Preventing Violence in the Workplace

Preventing Violence in the Workplace

Last September, the Bureau of Labor Statistics released the preliminary results of the 2014 National Census of Fatal Occupational Injuries. The report revealed 4,679 fatal work injuries were recorded in the U.S. in 2014, an increase of 2 percent over 2013’s numbers. Nearly 750 of these workplace deaths were due to violence and other injuries by persons or animals. Among those classified as homicides, 32 percent involved relatives or domestic partners when female workers were the victims. Thirty-three percent of workplace homicides with male victims were robberies.

These figures do not include non-fatal incidents, as they are more difficult to track. According to the Occupational Safety and Health Administration (OSHA) more than 2 million American workers experience workplace violence each year—from harassment, intimidation and verbal abuse to threats of physical violence, physical assaults and homicide. Workplace violence may be perpetrated by other employees, clients, customers or workplace visitors—and it should be a major concern for employers nationwide.

Certain worksite factors may increase the risk of violence—such as exchanging money with the public, serving alcohol, or providing care for volatile individuals. High-risk professionals include delivery and taxi drivers, healthcare and public service workers, police officers and customer service agents, and anyone who works alone, late at night, or in a high-crime area.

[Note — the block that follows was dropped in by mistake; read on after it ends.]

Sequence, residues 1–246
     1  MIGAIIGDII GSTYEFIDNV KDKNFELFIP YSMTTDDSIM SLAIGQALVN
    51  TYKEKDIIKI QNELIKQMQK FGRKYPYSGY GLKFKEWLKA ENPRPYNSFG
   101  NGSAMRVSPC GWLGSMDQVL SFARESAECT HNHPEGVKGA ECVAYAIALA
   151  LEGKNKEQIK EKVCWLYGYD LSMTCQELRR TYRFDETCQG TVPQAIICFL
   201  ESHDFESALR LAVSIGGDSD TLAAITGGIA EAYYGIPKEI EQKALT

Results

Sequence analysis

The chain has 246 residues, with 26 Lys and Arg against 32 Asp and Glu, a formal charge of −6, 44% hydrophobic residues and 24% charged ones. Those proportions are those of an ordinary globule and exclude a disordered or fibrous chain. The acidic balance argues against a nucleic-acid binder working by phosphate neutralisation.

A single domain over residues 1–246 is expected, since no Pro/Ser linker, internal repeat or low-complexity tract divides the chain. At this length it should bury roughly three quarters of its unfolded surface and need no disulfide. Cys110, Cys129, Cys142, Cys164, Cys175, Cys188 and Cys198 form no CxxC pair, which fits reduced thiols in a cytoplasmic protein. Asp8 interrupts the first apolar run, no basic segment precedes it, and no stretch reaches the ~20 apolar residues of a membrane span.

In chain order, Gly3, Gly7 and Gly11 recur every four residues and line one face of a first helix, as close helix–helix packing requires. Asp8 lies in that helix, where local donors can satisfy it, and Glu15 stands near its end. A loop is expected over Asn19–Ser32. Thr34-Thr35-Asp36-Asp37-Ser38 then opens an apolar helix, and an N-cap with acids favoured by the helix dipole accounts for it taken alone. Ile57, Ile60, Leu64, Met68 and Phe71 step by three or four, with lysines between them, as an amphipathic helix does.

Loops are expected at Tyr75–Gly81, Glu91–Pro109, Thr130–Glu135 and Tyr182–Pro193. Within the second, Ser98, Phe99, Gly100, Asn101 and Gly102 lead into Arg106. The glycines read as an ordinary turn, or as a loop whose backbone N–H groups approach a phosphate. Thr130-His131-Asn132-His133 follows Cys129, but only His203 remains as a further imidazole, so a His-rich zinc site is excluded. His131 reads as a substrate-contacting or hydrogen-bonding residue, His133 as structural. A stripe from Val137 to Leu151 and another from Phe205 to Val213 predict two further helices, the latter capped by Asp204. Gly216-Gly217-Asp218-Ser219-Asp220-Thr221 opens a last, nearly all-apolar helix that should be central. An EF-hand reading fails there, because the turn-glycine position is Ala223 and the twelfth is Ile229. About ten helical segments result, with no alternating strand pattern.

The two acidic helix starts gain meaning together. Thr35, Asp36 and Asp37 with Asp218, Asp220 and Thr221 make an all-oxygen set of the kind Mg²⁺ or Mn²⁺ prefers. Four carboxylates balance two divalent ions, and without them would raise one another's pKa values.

Fortunately, there are steps all employers can take to reduce the risk of violence in their workplaces and protect the lives of their staff. We recommend that you engage the assistance of a workplace safety professional as you complete the following:

  1. Create a zero-tolerance workplace violence policy. It should be clearly worded and detail how the employer defines workplace violence, the conduct the policy prohibits, methods for reporting violations, and how these reports will be investigated. It should also outline the disciplinary actions employees can expect if they engage in workplace violence. The Society for Human Resource Management has a template you can use as a starting place here.
  1. Identify your workplace’s risk factors. Do you have employees who work alone? Does your business require early morning or late night shifts? Can you control who enters the building or jobsite? Do your employees work with money or prescription medications? Are their areas of poor lighting on your premises? Do your employees deal with volatile customers regularly? Take a close look at the day-to-day operations of your business and talk to your employees about their experience.
  1. Create a workplace violence prevention program. This can be a standalone program or you can integrate it into your general injury and illness prevention program. Regardless, you should schedule periodic training sessions with your employees to ensure they understand the role they play in successfully preventing workplace violence including reporting and logging all incidents or suspected incidents and avoiding potentially dangerous situations whenever possible.

If you’re ready to address the threat of violence in your workplace, we can help. Contact us today for a review of your safety program.